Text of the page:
Presenting at an Association for Project Management (APM) PMO event which took place during the week of Time to Talk Day, I felt it an appropriate time to look at mental health in the projects and programmes field. The event was aimed at Project/Programme Management Office (PMO) practitioners, who the APM define as people who enable, support and ensure the management of change in organisations. My premise was a simple one – PMOs work across multiple teams of people delivering projects and programmes in what is typically a high pressure environment. As such, they could be well placed to identify and offer support to those who might be suffering mental health issues.
According to one Royal College of Psychiatry report, one in four people will fight a mental health condition in any one year. One sixth of the UK population suffer symptoms such as sleep problems, fatigue, irritability and worry, which although themselves don’t constitute a formal diagnosable mental health condition, may affect their ability to work effectively. A further sixth have a diagnosable condition that would require treatment were they to consult a health professional. That’s a potential third of the workforce who may not be able to perform to their full potential.
Recent figures put the cost of mental health issues to the UK economy between £74 billion and £99 billion, the bulk of which is attributable to employer costs and lost productivity. Presenteeism – lost productivity resulting from employees coming to work ill and performing below par – appears to be a major issue. The stigma of having a mental health condition, or fear of revealing it to a manager or employer meant that 60 per cent of employees with a mental health condition said that they would always come to work, compared with just 27 per cent of employees with a physical condition. It was estimated in 2007 that the cost to UK employers of this mental health presenteeism was £15.1 billion, nearly double that of the £8.4 billion impact of absenteeism. Only half of people who have experienced a mental health issue in their current job have disclosed this to their employer – potentially because of negative attitudes from some employers.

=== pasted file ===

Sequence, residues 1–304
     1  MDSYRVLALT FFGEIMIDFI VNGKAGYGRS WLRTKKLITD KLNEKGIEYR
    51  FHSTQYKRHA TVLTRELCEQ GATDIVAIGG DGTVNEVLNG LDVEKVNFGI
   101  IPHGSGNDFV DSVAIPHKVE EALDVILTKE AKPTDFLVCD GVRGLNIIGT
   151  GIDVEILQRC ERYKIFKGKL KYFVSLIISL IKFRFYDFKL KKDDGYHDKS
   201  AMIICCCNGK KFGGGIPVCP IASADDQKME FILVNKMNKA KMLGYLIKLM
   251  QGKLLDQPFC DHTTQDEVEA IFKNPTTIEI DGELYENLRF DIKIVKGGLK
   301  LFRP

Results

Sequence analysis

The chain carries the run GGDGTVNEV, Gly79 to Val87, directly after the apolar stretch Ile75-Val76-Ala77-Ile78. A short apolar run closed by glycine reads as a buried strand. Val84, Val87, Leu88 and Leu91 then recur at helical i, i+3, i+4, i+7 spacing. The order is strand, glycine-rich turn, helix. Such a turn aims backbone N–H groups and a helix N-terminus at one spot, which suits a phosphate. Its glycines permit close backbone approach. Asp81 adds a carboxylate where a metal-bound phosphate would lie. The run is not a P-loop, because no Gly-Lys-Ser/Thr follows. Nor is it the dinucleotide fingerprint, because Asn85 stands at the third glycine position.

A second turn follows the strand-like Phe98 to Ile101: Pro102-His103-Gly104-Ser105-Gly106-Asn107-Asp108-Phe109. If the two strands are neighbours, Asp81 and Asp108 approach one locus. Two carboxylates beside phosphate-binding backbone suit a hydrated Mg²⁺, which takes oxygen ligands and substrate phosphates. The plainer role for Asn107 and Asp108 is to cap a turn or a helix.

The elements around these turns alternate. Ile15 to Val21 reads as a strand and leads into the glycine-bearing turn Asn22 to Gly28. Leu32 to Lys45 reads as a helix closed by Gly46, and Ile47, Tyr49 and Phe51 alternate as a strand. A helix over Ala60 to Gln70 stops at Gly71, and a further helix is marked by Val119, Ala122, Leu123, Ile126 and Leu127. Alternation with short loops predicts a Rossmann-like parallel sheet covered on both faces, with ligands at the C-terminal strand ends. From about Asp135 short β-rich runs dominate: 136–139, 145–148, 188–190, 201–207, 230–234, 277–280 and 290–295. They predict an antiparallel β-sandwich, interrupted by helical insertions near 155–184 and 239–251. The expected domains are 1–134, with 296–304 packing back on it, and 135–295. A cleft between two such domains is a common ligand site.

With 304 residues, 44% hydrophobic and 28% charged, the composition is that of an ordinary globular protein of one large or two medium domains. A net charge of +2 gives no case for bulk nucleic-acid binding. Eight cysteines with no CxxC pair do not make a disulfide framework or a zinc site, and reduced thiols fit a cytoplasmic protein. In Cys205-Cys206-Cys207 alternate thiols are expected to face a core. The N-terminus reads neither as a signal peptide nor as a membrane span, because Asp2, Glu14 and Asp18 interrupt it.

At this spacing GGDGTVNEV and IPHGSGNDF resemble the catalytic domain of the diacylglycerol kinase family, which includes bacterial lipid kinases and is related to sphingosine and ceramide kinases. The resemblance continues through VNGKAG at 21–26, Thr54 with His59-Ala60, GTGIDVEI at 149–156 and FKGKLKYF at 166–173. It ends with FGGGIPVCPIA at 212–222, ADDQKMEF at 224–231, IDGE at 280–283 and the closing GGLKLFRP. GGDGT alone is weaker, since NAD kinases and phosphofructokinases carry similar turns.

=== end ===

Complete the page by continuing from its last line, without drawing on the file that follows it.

Charities such as Mind and Rethink Mental Illness have been at the forefront of recent efforts to engage with employers and change attitudes to mental health. One initiative supported by both charities is Time to Change, a growing social movement working to change the way we all think and act about mental health problems. Employers, including RSM, are fighting discrimination and realising the need to provide an environment where employees feel able to talk to colleagues and managers about their mental health challenges. These changing attitudes and wellbeing programmes that many employers are now putting in place are a good start, but what else can be done?
How could a PMO help?
Projects and programmes can be high pressure environments. There is, by rights, a need to deliver outcomes and benefits within a prescribed time and cost envelope, but the focus on this can be relentless. Project and programme managers and their teams are subject to intense scrutiny from their sponsors, the PMO and their stakeholders. There can sometimes be a requirement to report progress weekly, and just as the act of observation has a devastating effect on Schrödinger’s eponymous cat, so too can the performance of projects and programmes be impacted by the need to produce endless reports and attend frequent progress meetings. This adds to the pressure the team may be feeling. One of the most obvious consequences of this environment is stress. When the demands placed on an individual exceed their ability to cope, they experience stress, which may could lead to anxiety, depression and other mental health issues. Another factor that can cause issues is conflict – even a well-performing project or programme team can experience conflict either within the team, with stakeholders, or even with other teams as they compete for precious resources.
The PMO is often at the centre of a number of projects and programmes. Its staff will have frequent contact with the project and programme teams and with some simple pointers, it may be well placed to identify the warning signs that indicate someone may be experiencing a mental health issue. Warning signs (shown in the diagram below) could include missed targets, increased conflict within teams, low morale, bad stakeholder feedback and decreased engagement. The PMO has its finger on the pulse of project and programme delivery and should be able to spot when there are even small atypical changes in performance.
These problems are real. The PMO could help by signposting further help available in their employer such as an Employee Assistance Programme, local mental health champions, or even a known sympathetic ear in management. PMO members are not necessarily trained mental health professionals but having an awareness of the signs, and a willingness to talk with and listen to someone they think could be experiencing a mental health issue would certainly go a long way.